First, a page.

Transportation & Logistics
APIs drive product, logistics advances
Information processing is the new advantage for producers and movers, with help from APIs.
Take a pharmaceuticals or medical devices company that wants to efficiently deliver products to its distributors. Until now, bulk batches of inventory were handed over to contractors at the docking bay, who would probably break it down by region and arrange for truck or other distribution to a regional distributor, who would then further break it down for delivery to individual retailers. Each step of the journey involves multiple players, adding layers of expense and raising the risk of shrinkage, damage or other loss. In contrast, an API-enabled automated system may be able to directly deliver personalized batches to specific retailers, perhaps using a combination of drones and trucks.
Winners and losers
Atomic-level visibility during the manufacturing process has been available for some time, but customers will soon be able to post-order customized product changes — at least before a certain stage — and on-the-fly shipping order modifications. For example, changing the destination while an order is en route, perhaps when it’s at a FedEx Center. Or say a restaurant orders a commercial freezer with a chrome finish, but before it’s shipped the customer decides that a red body and a metal-finished front would go better with the décor. They’re now no longer locked into an initial choice. But to participate in the warp-speed, hyper-personalized model of production and delivery, companies need to be able to sift through and understand huge amounts of data. And APIs are central to that. A major focus right now involves building and enhancing APIs for logistics service providers and providing a developer portal for external parties to query the APIs, submit and track orders, and to obtain rates. Just a few years ago, APIs and the hyper-personalization they enable were not even on the radar of transportation and logistics companies. But with the embrace of e-commerce — which was turbocharged by the social distancing requirements of COVID-19 — companies can’t compete effectively without an API strategy.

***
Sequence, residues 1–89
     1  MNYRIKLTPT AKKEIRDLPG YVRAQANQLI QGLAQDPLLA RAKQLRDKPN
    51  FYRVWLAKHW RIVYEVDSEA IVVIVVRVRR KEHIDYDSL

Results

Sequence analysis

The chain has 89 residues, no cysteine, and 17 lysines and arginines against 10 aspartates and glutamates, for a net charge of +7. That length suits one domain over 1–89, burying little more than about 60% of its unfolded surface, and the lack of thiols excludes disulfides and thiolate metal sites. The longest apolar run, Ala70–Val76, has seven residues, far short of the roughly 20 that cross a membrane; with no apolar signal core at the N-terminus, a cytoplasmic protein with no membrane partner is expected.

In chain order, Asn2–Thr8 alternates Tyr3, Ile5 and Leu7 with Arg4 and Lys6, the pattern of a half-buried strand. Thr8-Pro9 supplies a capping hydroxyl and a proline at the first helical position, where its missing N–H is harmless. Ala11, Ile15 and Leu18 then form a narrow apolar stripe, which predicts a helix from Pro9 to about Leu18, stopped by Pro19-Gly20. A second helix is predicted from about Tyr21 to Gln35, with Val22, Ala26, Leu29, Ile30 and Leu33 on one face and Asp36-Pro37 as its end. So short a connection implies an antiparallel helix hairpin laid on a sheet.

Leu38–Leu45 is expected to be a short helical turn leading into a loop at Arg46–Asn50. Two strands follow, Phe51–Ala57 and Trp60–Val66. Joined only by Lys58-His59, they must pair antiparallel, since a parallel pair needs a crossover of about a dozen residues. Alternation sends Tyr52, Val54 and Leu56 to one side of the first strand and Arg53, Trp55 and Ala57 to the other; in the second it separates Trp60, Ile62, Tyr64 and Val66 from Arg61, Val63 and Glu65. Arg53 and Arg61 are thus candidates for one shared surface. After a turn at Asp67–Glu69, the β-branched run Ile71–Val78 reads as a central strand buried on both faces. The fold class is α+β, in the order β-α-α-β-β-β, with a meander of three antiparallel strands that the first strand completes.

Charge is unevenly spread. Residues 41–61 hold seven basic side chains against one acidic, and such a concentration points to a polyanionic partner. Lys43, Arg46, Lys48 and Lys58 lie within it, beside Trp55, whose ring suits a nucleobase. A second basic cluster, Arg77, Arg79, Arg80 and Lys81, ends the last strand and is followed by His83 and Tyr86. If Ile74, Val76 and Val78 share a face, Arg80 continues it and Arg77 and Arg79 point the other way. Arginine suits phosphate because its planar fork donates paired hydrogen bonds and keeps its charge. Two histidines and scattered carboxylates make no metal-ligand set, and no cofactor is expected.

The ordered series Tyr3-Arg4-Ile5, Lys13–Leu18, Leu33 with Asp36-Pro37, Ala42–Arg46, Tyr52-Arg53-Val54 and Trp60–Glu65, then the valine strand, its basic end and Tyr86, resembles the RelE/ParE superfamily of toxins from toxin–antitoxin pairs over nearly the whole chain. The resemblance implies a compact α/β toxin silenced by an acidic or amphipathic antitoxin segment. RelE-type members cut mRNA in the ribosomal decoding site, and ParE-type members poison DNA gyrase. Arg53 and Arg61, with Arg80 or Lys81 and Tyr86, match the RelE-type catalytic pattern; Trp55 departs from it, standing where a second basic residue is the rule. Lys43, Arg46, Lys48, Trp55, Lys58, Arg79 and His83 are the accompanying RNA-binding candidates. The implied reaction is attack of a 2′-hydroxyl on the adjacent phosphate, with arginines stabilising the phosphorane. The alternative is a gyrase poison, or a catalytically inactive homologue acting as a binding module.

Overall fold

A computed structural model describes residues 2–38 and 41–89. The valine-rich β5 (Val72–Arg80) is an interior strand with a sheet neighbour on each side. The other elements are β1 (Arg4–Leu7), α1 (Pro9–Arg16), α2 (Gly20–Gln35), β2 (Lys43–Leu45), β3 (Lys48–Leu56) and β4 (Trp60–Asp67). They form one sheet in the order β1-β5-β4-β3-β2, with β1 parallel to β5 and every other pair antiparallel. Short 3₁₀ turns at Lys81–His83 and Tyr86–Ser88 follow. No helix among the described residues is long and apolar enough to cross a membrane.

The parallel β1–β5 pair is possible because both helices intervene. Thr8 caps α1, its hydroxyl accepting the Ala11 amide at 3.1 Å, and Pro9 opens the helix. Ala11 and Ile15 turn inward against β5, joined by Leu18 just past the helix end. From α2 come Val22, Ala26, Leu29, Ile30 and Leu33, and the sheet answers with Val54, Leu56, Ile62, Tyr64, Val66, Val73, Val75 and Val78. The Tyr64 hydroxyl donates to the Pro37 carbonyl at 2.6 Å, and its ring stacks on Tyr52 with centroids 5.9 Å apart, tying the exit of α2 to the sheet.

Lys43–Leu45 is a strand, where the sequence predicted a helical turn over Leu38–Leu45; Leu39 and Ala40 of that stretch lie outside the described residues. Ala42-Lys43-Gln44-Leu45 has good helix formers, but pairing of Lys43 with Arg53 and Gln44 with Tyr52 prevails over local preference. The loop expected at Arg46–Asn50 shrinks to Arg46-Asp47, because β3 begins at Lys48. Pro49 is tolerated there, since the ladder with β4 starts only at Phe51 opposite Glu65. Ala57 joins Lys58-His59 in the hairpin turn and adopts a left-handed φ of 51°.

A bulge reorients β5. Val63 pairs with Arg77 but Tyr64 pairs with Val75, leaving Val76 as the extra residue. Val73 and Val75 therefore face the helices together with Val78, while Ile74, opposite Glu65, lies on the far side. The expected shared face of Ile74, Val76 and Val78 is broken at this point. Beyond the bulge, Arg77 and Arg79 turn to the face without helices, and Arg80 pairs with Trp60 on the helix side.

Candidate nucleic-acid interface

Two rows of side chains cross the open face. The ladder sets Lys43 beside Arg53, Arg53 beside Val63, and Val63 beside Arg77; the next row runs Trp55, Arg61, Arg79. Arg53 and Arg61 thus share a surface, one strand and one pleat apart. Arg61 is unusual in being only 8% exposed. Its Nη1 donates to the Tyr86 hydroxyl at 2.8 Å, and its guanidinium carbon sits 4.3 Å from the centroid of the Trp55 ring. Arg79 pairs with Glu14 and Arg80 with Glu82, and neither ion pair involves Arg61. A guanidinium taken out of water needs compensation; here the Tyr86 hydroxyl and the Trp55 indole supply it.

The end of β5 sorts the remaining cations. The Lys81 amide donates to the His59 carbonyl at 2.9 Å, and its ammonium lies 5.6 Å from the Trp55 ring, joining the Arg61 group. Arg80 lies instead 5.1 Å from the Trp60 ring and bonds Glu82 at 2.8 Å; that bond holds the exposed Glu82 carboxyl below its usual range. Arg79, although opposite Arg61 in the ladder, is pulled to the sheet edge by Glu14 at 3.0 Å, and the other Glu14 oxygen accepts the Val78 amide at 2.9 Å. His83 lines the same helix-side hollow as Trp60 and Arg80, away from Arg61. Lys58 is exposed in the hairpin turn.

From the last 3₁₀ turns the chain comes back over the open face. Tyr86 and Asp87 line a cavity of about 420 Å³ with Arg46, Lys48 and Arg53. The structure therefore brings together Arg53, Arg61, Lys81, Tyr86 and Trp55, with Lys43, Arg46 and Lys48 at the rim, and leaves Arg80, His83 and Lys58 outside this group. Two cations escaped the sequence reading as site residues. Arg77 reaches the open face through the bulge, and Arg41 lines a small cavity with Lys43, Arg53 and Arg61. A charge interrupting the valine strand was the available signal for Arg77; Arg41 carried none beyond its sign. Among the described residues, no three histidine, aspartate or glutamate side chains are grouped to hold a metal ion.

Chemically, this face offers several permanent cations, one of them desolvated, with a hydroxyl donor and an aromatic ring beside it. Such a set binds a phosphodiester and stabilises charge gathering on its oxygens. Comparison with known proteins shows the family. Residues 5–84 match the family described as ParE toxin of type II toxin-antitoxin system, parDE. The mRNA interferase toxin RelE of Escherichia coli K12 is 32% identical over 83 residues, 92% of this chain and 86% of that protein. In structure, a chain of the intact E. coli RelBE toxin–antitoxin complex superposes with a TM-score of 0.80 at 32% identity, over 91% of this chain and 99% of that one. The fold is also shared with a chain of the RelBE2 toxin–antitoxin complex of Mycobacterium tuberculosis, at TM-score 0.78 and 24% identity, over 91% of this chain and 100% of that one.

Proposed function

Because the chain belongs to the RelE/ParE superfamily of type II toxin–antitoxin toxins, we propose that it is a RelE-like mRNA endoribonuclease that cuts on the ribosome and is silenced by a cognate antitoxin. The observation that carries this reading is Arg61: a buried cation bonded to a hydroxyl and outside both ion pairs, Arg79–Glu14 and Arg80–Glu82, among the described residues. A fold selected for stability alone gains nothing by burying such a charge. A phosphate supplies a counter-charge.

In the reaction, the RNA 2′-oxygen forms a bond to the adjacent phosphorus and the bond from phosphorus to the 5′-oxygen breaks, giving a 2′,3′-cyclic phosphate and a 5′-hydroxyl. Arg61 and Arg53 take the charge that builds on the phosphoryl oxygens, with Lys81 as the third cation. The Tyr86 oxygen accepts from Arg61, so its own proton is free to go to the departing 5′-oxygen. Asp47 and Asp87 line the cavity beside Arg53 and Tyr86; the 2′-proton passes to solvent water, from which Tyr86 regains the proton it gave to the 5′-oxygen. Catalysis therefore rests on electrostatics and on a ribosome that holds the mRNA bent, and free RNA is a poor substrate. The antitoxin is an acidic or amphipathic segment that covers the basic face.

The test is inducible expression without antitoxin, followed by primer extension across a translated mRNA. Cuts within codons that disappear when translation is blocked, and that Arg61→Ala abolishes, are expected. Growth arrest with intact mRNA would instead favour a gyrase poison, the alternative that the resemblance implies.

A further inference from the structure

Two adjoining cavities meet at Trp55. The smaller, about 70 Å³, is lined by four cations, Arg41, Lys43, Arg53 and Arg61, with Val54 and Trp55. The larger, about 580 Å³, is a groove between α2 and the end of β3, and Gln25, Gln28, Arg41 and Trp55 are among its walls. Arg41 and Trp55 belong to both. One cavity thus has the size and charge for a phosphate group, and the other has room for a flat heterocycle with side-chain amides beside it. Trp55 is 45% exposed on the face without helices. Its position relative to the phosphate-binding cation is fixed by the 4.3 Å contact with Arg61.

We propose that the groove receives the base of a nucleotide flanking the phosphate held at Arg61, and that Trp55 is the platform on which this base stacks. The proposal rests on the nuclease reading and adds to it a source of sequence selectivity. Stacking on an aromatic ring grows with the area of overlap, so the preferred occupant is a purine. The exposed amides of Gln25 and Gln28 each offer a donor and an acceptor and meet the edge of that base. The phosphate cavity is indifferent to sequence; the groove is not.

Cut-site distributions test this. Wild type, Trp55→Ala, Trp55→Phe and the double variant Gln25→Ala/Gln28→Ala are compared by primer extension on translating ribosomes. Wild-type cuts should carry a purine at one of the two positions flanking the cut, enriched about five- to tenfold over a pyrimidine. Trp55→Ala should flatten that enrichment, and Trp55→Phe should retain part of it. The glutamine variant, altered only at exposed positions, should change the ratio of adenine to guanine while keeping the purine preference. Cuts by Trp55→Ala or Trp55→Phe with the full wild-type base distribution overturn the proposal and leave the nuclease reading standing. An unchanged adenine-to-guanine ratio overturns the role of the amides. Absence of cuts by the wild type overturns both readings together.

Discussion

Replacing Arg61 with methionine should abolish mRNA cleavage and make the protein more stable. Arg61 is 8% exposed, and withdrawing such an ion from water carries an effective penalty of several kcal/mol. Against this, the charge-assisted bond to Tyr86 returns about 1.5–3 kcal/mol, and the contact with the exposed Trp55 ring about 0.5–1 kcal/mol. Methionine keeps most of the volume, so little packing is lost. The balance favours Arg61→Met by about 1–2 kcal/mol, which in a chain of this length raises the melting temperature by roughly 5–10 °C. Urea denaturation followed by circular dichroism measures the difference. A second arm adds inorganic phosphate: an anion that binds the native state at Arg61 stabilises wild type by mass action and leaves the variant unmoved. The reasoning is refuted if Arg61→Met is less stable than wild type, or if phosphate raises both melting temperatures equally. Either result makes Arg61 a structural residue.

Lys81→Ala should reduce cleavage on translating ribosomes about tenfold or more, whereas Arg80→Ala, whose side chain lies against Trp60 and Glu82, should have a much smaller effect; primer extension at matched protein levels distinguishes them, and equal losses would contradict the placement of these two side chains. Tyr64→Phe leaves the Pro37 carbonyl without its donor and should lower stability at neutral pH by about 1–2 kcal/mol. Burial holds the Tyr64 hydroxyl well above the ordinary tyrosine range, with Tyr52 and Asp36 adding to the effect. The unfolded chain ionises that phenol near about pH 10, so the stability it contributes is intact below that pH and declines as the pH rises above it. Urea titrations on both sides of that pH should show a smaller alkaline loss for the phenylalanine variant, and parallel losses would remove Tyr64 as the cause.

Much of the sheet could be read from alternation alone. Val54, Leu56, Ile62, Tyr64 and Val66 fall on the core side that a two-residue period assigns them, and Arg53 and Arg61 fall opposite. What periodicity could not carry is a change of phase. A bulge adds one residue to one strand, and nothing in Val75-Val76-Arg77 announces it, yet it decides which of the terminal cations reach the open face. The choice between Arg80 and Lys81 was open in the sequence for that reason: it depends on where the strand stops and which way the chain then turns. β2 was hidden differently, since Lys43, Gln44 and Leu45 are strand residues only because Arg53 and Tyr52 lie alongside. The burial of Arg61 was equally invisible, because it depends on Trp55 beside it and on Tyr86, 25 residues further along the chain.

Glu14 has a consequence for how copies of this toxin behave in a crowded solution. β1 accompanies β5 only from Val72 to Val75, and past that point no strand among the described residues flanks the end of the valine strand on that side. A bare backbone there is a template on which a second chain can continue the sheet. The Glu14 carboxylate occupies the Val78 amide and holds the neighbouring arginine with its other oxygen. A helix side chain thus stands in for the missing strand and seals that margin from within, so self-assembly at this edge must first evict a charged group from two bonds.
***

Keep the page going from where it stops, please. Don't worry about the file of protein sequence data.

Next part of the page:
- As competition heats up, transportation and logistics companies — along with manufacturers — have been pressured to speed up their operations.
- Besides faster, more flexible delivery, customers also want more order choice.
- Meeting these demands requires the ability to process mounds of data quickly and accurately. APIs (application programming interfaces) can help companies do it.